A combination of these factors is almost certain to build a sustainable career as a music composer. The Sarz Academy represents an opportunity to change the perspective of creative work right from Nigeria’s grassroots. As an initiative, it takes the concept of “blowing up” from the realm of a game of chance to something that feels more attainable; something that could be reached by taking certain calculated steps. Sarz, through his Academy, serves as a light that the ones after him will use to illuminate their way.
He poked his head through the kitchen door while the morning session went on. There was uncertainty as to whether he would come to the camp that day, but his appearance immediately sent a wave of relief through the people who came there to see him. An easy-going character, he’d much rather stay out of the limelight, where he can be himself without being overanalyzed. Clad in a navy-blue sleeveless cardigan without an undershirt, grey leather pants, and black sneakers, he made his way around the room catching up with visitors and participants alike. In the conversation that follows, he opens up about his motivations for the Academy, his creative process, and everything in between.
This interview is lightly edited for clarity.
Bside: The Sarz Academy, at its core, represents mentorship. What does mentorship mean to you?
Sarz: In my career so far, I didn’t have anyone to mentor me. I know how important it is to have a mentor, it makes your journey to where you desire faster. They have the experience of what needs to be done to get you there. That’s one of the reasons I started this Academy, so I can help the people after me to achieve what I have and even more, faster than I have.
It makes a lot of sense because aside from creativity and production, as we grow, having someone ahead of you who could give you valuable tips goes a long way. What are your criteria for selecting candidates for the Academy?
The selection process is personal for me. Even though it takes a lot of time, I listen to all the entries personally. I don’t know if I’m going to do that again [laughs]. It’s a lot of hard work but that’s how passionate I am about educating and mentoring. I listen to uniqueness; I listen to creativity. We also have interviews with these people to know who they are and how they think. How hungry they are and how bad they want it.
How long does it take to set up a session? These guys are here for a month but obviously, a lot of planning goes into this…
Just bring money, we’d do it [laughs].
What do you want the Sarz Academy to represent in the Nigerian music space? I was tempted to say Afrobeats but that limits your scope as you make other types of records.
This question brought a lot of answers to my head. Creativity, professionalism, and I also want it to represent growth. That’s very important for me.
What does it represent to you, then? Not even as Sarz [the producer] but as a person.
This is beyond me. It represents everything that I wish I had in the industry coming up. Everything that has been challenging for me in this region — the Afrobeats space — are things I make sure are addressed in the Academy.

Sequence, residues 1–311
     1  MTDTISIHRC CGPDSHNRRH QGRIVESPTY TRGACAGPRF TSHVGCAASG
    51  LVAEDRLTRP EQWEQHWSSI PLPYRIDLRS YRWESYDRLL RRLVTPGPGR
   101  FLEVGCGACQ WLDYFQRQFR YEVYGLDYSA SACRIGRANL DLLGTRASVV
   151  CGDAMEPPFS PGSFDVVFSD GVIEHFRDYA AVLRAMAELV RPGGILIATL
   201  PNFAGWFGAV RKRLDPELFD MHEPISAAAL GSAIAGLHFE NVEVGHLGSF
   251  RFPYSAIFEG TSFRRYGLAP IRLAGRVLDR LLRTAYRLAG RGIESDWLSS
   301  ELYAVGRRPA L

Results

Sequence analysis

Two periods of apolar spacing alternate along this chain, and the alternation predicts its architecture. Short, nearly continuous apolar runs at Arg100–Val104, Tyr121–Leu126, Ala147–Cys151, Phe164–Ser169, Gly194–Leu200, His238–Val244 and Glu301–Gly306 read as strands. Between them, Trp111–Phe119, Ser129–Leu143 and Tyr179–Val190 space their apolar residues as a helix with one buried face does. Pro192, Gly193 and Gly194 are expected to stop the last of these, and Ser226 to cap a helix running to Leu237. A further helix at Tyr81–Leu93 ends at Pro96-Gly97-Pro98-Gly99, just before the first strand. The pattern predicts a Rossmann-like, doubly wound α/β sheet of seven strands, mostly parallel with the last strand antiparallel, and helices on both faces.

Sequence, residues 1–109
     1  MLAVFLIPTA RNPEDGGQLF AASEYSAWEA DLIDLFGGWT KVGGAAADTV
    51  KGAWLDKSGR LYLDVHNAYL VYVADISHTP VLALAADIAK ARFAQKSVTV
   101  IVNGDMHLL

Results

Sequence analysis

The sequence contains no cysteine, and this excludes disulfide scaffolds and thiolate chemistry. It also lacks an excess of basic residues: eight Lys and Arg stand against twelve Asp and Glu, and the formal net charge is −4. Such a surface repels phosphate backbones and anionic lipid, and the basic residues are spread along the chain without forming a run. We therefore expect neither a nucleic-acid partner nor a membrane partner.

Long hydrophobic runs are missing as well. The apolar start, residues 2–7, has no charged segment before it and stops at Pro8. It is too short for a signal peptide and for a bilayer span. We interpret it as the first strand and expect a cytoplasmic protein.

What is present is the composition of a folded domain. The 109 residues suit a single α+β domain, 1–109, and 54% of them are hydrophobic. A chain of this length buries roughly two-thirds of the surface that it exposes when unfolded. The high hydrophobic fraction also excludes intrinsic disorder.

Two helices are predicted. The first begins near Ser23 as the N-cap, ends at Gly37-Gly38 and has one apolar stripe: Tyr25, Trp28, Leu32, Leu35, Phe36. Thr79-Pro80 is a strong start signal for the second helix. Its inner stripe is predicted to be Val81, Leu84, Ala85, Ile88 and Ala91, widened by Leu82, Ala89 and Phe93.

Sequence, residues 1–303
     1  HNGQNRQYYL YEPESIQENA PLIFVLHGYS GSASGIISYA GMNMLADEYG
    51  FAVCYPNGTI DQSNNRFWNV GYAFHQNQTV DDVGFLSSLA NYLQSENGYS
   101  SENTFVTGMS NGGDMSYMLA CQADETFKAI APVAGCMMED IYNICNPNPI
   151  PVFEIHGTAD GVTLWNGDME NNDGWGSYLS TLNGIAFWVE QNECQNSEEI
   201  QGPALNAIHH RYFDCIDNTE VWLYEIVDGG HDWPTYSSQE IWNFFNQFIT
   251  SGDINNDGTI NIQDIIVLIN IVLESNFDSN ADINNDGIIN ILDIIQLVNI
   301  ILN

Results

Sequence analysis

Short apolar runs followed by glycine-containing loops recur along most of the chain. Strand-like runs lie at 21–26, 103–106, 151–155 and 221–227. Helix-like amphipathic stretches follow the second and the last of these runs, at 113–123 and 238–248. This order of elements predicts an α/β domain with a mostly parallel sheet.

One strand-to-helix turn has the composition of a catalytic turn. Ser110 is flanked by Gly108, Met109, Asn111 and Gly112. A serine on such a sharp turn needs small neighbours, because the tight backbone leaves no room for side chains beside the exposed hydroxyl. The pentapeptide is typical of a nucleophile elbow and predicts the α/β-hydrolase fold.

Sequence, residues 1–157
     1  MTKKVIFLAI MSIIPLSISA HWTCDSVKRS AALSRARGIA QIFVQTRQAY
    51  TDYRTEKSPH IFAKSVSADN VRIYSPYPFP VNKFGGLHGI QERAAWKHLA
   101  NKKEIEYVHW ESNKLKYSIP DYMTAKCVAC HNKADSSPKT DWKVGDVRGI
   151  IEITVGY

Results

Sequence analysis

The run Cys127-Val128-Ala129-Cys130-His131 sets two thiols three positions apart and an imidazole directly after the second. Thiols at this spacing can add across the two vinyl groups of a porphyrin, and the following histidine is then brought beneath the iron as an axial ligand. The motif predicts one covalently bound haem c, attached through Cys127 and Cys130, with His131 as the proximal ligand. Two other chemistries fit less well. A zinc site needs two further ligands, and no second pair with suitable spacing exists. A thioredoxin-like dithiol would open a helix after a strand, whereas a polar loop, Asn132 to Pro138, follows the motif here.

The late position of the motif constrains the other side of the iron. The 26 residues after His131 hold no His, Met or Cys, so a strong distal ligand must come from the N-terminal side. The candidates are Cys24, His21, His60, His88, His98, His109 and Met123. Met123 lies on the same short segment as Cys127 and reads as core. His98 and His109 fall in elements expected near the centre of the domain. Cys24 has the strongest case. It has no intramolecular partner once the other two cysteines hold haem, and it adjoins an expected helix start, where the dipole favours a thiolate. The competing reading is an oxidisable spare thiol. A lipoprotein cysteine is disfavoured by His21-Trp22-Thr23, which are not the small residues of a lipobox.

The sentence, “Sarz Is Not Your Mate”, is provocative. In your career, have you felt that you compete with anyone? Or that you have to prove yourself to anyone?
To be fair, even before I started producing and I was just in love with music, especially beats; I always felt I could do it better than anyone else. I’ve always been that confident, even if at the time I probably wasn’t better than anyone else. And over the years, I’ve been able to prove that Sarz is not your mate. That’s the easiest way to put it; if you know, you know [laughs].
After counting the things God/the universe has given you, does the concept of giving back mean anything to you?
For me, it’s not a concept. It’s a way of life. Being a vessel, being a river that flows… I don’t believe in holding on to anything. It’s not even about the Academy because I’ve been doing this informally before I started the Academy. I’ve always wanted to help anyone that needs anything. If you ask any of my colleagues, I don’t hide anything. You can come to see my sessions, ask me for this and that, I’ll do anything I can.
Afrobeats is on a different plane right now, and you’re more or less one of the central figures as to why that is. But you still exist in the shadows as well. How do you find a balance with that?
I think I’m myself mostly, which isn’t camera-friendly. I don’t think I like cameras, but I also understand their importance because to certain people, you’re their everything. And this is the only avenue they have to get to know you or see you. I don’t think there’s anything special I do, I’m myself every time.
How do you experience music, and turn your feelings into sound? Because in an interview you said you’re able to mentally deconstruct beats and memorize them…
Sometimes it’s instant, sometimes it takes forever. There are beats I was only able to complete 2 years after, because there are certain feelings I was trying to interpret that proved difficult or I didn’t have the skillset for. How I do that is not something I can explain, it’s just something I do. It’s something I am.
What’s an ideal work environment for you?
An ideal work environment is being in my house and making music on my bed.
You know what? I hear you.
I hate being in the studio.
Are you serious?
I swear. I’m in the studio because I have to be in the studio. Left to me, I’d rather be in my house.
I want to talk about your style. I see the way you’re styled in videos, and you look soft. Are there other art forms, down to fashion, that you invest in other than music?
I would say I’m somewhat fashionable. I think that’s being very modest though [laughs]. But I just know how to put things together, I guess that’s part of my talent. I’m also very forward-thinking. Anything that involves putting things together, I’m great at it.
Of your three projects: I Love Girls with Trobul, LV N ATTN, and Sweetness, which was your favorite to make? And why?
I’ll say my favorite to make was I Love Girls with Trobul, and that’s because it was a bit more collaborative. We made songs from experiences and conversations. I and WurlD can just be in the room, chilling, and he’d tell me about this girl ruining his life [laughs]…
One would even realize that from the “Nobody Wins Interlude”.
Yeah. I’d be listening to him while he talks then I’d stand up and play some chords, and he’d start to sing. It feels like most of those songs on the project were made from scratch and that’s why it’s my favorite.